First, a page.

For Wallis* ’24, quarantining for two weeks in Dower felt like living in a dystopian novel. In the span of a day, they were forced to make “the walk of shame” from their cozy Tower Court complex double to “fend for [themselves] in the woods.”
Wallis was not alone in this experience. When they first arrived at Dower during the week first week of December, they were greeted by five or six other residents. By the time they left, around Dec. 20, Dower had approximately 13 residents. According to Wallis, every student was vaccinated and at least one had their booster shot.
Wallis was quarantined during the College’s highest case count to date. After a total of nine student cases between Aug. 22 and Nov. 27, there were 52 student cases between Nov. 28 to Dec. 25; the total number for faculty and staff stood at 28 through this period. The uptick in cases has been attributed by administration to Thanksgiving travel as students were allowed to leave Massachusetts during the break.
After returning from Thanksgiving, one of Wallis’ blockmates tested positive. As a close contact, Wallis spent the next five days isolating and getting tested. After the five day period, Wallis said that Health Services told them they were free to return to their regular activities, since they had not yet tested positive. The next day, Wallis began experiencing symptoms. The day after that, they tested positive for COVID-19.
“There’s this shame to it,” Wallis said. “You feel like you’re about to be stoned. It’s a really weird experience.”
Contact tracing identified eight close contacts that Wallis may have exposed to COVID-19. Wallis thinks that number was likely higher, but said they were told by Health Services not to contact people who had not been identified by the official tracers as close contacts.
“It’s also worrying because the [College] has been really hard about giving [students] tests,” Wallis said. “People who I ended up giving it to wanted to get rapid tests, but the school didn’t give it to them, and they ended up testing positive in the pool.”
Isabel Flessas ’24, a student worker at the College Club testing center, described that the atmosphere at the center shifted soon after Thanksgiving.
“Before, it was kind of like ‘good job getting tested,’ you’re going to be negative, it’s going to be fine,” she said. “But now, it’s much more tense — the employees kind of seem a little more tense — just because so many people are testing positive.”
Winnie* ’24 had a similar COVID-19 experience to Wallis. After her roommate tested positive, and she had also begun experiencing symptoms, she became increasingly worried that she had COVID-19. She initially tested negative on a rapid test the day her roommate was confirmed to be positive, but tested positive the next day.
“I completely freaked out,” Winnie said. “I was like, there’s no way that I’m not testing positive. According to the school [after the negative rapid test], I was fine to do everything and go to class, but it was such a moral dilemma … it felt completely wrong.”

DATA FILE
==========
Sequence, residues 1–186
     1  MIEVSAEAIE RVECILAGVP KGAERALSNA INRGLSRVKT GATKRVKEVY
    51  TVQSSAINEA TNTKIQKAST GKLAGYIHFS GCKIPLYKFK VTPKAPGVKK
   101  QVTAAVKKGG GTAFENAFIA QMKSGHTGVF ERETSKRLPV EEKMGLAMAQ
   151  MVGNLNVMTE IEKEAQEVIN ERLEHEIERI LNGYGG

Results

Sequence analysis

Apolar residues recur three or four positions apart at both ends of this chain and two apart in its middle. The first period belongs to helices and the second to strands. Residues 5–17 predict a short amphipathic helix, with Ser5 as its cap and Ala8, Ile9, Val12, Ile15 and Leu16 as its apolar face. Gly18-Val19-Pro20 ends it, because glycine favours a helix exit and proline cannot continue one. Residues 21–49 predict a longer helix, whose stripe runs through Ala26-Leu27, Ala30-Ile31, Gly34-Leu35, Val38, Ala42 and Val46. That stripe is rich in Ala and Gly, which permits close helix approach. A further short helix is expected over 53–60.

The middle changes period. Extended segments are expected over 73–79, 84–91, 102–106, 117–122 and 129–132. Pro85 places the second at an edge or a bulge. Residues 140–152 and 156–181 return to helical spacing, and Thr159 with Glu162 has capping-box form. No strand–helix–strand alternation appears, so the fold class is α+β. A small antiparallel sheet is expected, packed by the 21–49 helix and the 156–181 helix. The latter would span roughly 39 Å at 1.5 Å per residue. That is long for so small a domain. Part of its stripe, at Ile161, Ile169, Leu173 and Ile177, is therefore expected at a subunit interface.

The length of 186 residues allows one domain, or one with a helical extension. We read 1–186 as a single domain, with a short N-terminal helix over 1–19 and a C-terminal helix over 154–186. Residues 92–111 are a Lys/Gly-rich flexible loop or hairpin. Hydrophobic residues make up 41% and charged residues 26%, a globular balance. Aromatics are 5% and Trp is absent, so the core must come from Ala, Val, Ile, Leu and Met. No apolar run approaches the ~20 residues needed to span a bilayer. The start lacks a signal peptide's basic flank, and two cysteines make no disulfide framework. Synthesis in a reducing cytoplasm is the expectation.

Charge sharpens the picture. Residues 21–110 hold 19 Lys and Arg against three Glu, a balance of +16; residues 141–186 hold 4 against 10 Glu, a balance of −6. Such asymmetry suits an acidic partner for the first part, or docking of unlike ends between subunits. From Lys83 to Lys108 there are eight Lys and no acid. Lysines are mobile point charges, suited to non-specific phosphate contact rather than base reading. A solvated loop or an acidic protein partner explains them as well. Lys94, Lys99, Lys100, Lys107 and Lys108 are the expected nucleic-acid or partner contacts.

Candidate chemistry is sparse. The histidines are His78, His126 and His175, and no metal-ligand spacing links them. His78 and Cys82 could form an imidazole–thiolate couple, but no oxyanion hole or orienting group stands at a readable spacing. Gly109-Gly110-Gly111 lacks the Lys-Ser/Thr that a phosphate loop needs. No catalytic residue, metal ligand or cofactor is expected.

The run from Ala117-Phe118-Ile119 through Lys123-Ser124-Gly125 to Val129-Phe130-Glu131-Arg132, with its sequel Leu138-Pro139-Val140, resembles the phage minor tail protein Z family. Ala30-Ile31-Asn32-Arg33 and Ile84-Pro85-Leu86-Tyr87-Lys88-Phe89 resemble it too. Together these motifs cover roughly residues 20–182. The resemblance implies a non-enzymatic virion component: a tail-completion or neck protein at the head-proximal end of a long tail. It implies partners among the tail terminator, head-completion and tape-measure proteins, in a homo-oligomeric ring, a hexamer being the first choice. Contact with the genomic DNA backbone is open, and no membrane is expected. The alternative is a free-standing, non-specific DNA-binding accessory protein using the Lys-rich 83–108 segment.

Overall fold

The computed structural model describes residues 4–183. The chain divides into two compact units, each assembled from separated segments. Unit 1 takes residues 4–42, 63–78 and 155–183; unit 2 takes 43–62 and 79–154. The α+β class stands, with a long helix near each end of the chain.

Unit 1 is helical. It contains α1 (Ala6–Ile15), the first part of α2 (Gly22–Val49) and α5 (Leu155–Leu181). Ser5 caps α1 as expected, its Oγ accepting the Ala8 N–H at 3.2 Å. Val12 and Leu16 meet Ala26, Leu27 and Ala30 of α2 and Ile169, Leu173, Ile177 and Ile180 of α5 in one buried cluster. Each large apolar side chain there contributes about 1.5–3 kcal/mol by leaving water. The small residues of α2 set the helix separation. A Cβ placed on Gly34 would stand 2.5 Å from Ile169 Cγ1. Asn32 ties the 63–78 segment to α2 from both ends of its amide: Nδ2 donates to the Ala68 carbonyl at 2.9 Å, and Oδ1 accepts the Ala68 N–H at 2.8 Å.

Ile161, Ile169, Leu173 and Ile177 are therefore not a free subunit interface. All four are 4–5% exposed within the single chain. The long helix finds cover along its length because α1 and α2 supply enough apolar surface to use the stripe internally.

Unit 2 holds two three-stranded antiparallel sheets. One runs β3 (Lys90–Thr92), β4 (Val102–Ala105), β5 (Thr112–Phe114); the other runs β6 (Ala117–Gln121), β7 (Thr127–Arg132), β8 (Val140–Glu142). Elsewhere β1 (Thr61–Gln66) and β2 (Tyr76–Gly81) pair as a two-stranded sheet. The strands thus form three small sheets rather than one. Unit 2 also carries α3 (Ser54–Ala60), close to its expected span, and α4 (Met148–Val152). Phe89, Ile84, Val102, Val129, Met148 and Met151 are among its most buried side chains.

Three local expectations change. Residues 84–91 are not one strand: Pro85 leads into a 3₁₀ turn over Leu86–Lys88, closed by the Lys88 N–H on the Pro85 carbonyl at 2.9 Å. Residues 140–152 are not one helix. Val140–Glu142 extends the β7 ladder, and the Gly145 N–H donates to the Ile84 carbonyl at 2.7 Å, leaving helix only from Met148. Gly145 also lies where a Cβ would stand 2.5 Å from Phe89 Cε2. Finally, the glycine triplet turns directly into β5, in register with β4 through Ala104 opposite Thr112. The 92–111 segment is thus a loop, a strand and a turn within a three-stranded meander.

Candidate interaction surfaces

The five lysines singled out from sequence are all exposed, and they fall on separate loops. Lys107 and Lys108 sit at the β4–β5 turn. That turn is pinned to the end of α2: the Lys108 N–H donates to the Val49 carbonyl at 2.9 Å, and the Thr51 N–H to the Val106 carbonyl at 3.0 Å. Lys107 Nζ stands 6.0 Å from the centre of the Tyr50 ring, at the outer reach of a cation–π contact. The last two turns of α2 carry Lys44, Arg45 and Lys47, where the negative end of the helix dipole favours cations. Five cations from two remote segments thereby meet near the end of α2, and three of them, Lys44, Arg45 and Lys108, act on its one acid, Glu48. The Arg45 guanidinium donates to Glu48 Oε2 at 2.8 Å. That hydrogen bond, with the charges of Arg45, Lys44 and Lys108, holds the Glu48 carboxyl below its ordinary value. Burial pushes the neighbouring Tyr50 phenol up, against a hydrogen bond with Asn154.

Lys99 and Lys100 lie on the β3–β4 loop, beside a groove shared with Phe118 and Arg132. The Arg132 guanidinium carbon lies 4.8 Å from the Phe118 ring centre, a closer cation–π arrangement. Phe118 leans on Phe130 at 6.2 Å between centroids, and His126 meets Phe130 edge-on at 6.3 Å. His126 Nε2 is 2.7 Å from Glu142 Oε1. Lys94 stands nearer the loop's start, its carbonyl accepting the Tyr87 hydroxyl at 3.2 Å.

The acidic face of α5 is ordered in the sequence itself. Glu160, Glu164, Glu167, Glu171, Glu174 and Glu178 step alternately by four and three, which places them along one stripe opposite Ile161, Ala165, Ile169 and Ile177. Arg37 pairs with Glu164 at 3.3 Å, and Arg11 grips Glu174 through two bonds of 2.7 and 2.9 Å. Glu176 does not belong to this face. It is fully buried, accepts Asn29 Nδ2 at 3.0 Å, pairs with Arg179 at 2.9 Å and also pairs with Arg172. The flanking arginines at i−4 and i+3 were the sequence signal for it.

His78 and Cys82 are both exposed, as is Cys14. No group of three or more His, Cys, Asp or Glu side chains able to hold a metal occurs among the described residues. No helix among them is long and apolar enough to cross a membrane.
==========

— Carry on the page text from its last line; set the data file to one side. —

Both Wallis and Winnie recounted similar difficulties and highlights of quarantining in Dower. When they were both there, Health Services said that it was okay for students in Dower to hang out with one another unmasked. Both Wallis and Winnie took this as an opportunity to bond with the other students quarantining by eating meals together and even planned a birthday party.
“We [were] trying really hard to make a community,” Wallis said.
However, the quarantining period was not without its difficulties. Both Wallis and Winnie struggled to keep up with their classes due to the lack of a remote option. Additionally, COVID-19 symptoms made it difficult for them to concentrate.
“It’s so hard to get work done in this building,” Winnie said. “When classes were happening, I could not focus on anything that was school related. It took an entire day to finish an assignment that would usually take a few hours.”
Winnie also mentioned that planning to leave campus at the end of the semester had been difficult. Health Services changed her quarantine end date, which made it difficult for students to figure out when they could leave. Additionally, since Winnie was planning to travel internationally, she struggled to get all the requirements that would allow her to do so while she was quarantining.
Both students also found communication from Health Services and the school to be inconsistent. According to Wallis, every student was supposed to receive a daily call from Health Services to monitor their symptoms, but Wallis’ contact with Health Services was inconsistent. Additionally, Wallis found that when they first moved in, unless they reached out directly to Director of Residential Life and Housing Helen Wang, it was difficult to get anything they needed.
“She’s definitely doing her best to make sure we’re well taken care of,” Wallis said.
Towards the end of the semester, students who tested positive moved from Dower to The Verve Hotel to finish their quarantine. This is a similar policy to the one the College is using for the Spring move-in period.
Despite these measures, Wallis and Winnie still felt that the College’s plan was insufficient.
“They really want to stop an outbreak, but they’re not willing to revise many of their policies or revisit them,” Wallis said. “It just feels like they want to protect their image of Wellesley.”
*Name changed to protect anonymity.